OpenStudy (anonymous):

Logs are stacked in a pile. The top row has 15 logs and the bottom row has 24 logs. How many logs are there in the stack?

6 years ago
jimthompson5910 (jim_thompson5910):

You can do it the long way 15+16+17+18+19+20+21+22+23+24 OR You can use the formula S = (n*(first term + last term))/2 Where n is the number of terms

6 years ago
OpenStudy (anonymous):

Do we just assume that each succeeding stack will have 1 log less that the previous one (starting from bottom n going upward) ????

6 years ago
jimthompson5910 (jim_thompson5910):

yes, I'm assuming that the log stack is a pyramid

6 years ago
jimthompson5910 (jim_thompson5910):

|dw:1341347491683:dw|

6 years ago
jimthompson5910 (jim_thompson5910):

lol something like that

6 years ago
OpenStudy (anonymous):

But this assumption is not supported by any fact from the question.....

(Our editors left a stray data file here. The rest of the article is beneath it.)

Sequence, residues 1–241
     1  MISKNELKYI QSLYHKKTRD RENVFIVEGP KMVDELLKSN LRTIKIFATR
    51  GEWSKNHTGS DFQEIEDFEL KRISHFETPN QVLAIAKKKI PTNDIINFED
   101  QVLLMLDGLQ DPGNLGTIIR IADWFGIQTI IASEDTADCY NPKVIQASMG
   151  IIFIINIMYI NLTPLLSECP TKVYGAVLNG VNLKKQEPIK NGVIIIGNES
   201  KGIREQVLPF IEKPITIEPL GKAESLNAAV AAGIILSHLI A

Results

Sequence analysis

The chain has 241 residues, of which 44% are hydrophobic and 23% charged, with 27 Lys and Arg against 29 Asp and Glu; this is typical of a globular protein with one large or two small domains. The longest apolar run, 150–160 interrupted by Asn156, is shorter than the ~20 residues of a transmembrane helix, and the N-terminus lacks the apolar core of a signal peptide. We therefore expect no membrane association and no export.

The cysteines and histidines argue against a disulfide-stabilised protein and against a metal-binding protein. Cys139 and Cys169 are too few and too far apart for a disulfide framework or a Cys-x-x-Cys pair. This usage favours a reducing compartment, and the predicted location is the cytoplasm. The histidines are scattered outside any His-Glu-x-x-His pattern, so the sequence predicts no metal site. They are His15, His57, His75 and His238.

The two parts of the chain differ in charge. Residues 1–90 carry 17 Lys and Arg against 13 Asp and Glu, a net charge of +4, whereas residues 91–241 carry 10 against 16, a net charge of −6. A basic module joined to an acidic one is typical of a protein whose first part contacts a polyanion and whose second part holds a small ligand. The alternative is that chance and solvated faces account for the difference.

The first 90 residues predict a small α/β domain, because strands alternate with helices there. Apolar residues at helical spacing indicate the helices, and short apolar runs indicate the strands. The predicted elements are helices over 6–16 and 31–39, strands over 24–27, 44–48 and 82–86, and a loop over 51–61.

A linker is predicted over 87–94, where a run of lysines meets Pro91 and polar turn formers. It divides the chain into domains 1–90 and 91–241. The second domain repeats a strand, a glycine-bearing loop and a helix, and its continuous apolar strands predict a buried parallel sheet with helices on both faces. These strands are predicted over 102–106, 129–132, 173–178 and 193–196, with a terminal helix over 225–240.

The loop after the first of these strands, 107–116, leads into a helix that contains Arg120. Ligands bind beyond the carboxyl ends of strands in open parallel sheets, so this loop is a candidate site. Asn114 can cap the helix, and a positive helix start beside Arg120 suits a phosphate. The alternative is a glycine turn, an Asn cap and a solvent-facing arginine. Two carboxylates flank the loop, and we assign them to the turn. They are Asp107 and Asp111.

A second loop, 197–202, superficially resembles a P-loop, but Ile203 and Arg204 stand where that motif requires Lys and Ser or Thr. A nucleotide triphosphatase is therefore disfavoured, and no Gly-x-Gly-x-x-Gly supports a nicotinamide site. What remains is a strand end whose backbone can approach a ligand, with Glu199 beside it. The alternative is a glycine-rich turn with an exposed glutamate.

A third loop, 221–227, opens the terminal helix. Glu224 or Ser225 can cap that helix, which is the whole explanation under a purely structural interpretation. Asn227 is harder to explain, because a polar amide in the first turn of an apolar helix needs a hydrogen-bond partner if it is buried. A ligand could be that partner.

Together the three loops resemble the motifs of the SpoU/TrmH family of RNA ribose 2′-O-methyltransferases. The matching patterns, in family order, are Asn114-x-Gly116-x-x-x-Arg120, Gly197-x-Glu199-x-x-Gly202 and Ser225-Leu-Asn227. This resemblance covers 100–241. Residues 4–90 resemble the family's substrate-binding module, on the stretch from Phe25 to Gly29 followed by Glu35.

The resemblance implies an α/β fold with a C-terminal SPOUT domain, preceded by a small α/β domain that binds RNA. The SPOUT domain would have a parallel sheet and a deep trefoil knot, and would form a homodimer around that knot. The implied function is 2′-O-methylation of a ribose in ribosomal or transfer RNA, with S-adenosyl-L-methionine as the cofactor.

6 years ago
jimthompson5910 (jim_thompson5910):

true, but you can imagine stacking logs like that, so I don't see why not

6 years ago
jimthompson5910 (jim_thompson5910):

hopefully the picture I drew makes sense

6 years ago
OpenStudy (anonymous):

Yeah, that way it works out but I guess there must be another way without this assumption... Anyone with any other solution???

6 years ago
jimthompson5910 (jim_thompson5910):

hmm how else would you stack it? You can't exactly stack one log on top of the other (without support from another log). Besides, the number of logs decreases as you go up, so that's mostly why I made that assumption.

6 years ago
OpenStudy (anonymous):

I know that intuitively this is right but.........???

6 years ago
jimthompson5910 (jim_thompson5910):

good point, they might use other means to stack it...but I'm still sticking to my original answer

6 years ago